(9) The Lead, Episcopal Cafe
(10) Daily Episcopalian, Episcopal Cafe
(11) AngicansOnline.
(12) AnglicansOnline News Centre.
(13) Anglican Communion website.
(14) Anglican Communion News Service.

• Find earlier issues of the newSpin newsletter here and recent ones in the left column here.

Send info about newSpin to friends you think may be interested
... newSpin is an electronic newsletter that includes news, information and commentary related to the Diocese of Bethlehem, the Episcopal Church, the Anglican Communion and the world of religion ... with some spin, of course, from the editor. Edited by retired communication minister Bill Lewellis and ordinarily published twice weekly, on Monday and Thursday, it is currently received by some 1,200 people, some of whom forward it to many others. To have it emailed directly to you, subscribe at the "Get Connected" box on the right column of Select newSpin under the groups. You may find samples of the newSpin newsletter on the left column of the newSpin blog,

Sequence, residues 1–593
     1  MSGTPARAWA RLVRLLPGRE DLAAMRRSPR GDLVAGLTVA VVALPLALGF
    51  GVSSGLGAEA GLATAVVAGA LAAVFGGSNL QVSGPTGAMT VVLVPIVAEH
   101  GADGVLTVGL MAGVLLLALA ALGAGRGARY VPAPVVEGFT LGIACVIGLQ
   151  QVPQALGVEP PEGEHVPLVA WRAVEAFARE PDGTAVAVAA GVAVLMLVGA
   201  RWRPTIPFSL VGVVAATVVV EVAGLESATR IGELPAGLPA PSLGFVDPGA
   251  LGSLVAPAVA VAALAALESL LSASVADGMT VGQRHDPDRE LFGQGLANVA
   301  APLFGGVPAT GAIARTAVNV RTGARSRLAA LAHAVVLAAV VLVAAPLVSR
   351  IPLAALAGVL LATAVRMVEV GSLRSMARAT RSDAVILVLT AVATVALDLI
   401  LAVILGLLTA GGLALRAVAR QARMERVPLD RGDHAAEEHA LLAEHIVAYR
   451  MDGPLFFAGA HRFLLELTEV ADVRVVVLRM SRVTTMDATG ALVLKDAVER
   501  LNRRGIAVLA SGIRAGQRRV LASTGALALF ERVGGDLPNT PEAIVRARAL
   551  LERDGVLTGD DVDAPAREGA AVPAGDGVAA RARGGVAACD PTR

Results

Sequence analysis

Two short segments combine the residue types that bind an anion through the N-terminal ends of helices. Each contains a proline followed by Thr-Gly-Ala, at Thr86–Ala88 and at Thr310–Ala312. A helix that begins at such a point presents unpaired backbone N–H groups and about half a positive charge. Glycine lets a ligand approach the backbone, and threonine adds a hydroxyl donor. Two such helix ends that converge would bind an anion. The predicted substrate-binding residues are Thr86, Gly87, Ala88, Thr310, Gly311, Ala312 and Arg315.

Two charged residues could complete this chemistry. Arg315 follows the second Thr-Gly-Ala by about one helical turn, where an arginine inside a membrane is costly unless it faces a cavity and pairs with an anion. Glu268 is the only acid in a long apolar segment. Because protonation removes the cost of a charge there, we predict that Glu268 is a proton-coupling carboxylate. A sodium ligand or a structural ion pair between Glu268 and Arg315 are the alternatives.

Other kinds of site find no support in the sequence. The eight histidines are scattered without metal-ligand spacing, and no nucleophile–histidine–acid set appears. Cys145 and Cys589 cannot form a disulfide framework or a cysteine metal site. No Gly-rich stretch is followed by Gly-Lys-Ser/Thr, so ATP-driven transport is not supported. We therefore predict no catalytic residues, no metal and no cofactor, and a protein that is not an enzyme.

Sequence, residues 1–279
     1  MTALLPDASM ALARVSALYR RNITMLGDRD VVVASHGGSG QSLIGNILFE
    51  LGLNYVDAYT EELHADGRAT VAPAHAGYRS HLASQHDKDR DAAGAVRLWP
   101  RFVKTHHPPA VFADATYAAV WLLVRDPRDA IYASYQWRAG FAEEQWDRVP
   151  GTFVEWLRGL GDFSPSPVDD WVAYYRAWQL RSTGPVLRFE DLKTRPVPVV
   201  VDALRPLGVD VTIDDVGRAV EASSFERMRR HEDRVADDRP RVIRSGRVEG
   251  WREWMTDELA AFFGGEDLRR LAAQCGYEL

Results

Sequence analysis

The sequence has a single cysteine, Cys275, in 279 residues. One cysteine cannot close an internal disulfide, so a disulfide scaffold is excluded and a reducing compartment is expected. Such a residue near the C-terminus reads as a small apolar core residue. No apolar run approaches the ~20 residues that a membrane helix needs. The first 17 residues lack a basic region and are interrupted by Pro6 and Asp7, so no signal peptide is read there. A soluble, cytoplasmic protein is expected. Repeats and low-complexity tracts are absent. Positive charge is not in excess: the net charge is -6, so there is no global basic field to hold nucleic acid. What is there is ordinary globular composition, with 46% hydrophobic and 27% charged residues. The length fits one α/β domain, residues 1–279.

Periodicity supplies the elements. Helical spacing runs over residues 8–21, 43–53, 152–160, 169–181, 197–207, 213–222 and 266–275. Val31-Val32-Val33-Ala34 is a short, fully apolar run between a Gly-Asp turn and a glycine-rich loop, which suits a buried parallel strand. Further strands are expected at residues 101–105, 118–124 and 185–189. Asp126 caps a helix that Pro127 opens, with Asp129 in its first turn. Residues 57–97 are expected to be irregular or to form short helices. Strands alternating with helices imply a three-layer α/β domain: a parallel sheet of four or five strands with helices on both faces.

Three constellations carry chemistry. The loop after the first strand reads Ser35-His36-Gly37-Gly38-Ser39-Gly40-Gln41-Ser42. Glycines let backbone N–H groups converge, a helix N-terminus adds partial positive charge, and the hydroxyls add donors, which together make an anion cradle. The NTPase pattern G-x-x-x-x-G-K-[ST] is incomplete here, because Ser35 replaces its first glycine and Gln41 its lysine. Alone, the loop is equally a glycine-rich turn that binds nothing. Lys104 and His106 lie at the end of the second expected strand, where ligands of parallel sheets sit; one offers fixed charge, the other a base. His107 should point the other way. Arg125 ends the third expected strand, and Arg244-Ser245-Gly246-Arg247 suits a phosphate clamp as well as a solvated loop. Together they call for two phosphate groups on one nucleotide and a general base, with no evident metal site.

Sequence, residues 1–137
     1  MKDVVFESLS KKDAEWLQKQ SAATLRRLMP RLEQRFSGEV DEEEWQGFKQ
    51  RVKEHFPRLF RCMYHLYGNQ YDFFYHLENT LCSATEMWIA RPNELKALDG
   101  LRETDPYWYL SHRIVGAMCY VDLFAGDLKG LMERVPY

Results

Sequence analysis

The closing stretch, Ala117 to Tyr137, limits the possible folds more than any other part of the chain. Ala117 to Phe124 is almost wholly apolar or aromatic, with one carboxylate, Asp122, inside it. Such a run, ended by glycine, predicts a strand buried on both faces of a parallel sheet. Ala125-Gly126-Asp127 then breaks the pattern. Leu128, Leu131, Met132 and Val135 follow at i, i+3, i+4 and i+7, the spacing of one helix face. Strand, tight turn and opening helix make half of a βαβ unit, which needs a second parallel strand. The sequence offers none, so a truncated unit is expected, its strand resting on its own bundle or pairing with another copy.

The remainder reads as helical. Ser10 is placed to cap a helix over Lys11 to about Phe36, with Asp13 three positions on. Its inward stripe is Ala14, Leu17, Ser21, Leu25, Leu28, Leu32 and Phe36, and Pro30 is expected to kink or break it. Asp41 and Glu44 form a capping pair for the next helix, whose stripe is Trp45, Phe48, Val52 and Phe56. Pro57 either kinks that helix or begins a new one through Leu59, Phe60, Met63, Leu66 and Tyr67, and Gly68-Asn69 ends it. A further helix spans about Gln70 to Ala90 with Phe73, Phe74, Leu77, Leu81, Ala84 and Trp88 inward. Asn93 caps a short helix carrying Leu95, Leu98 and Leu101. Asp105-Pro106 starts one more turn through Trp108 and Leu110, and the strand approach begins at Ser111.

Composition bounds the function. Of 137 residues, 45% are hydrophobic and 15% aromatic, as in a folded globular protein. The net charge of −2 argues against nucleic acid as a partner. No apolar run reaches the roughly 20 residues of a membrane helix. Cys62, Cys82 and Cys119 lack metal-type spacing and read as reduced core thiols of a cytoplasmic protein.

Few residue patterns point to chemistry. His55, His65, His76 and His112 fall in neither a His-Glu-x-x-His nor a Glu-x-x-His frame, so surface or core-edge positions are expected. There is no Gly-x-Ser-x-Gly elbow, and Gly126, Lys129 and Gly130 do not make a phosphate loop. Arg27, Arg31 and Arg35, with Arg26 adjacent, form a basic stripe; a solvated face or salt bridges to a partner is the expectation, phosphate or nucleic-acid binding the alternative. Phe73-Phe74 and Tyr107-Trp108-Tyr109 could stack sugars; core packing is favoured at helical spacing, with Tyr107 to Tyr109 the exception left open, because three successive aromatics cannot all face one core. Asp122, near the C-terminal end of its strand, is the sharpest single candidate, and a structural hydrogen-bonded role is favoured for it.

About the newSpin newsletter ... Composed at least weekly (usually twice a week) by Bill Lewellis, the newSpin newsletter appears as a post within the newSpin blog, but newsletter and blog are not identical. The newsletter comes, of course, with some spin from the editor, but the views expressed, implied or inferred in items or links contained in the newsletter or the blog do not represent the official view of the Diocese of Bethlehem unless expressed by or forwarded from the Bishop or the Archdeacon as an official communication. Comments may be addressed to Bill.

Bill Lewellis, Diocese of Bethlehem, retired
Communication MInister (1985-2010), Canon Theologian (1998)
Blog, Email (c)610-393-1833
Be attentive. Be intelligent. Be reasonable. Be responsible.
Be in Love. And, if necessary, change. [Bernard Lonergan]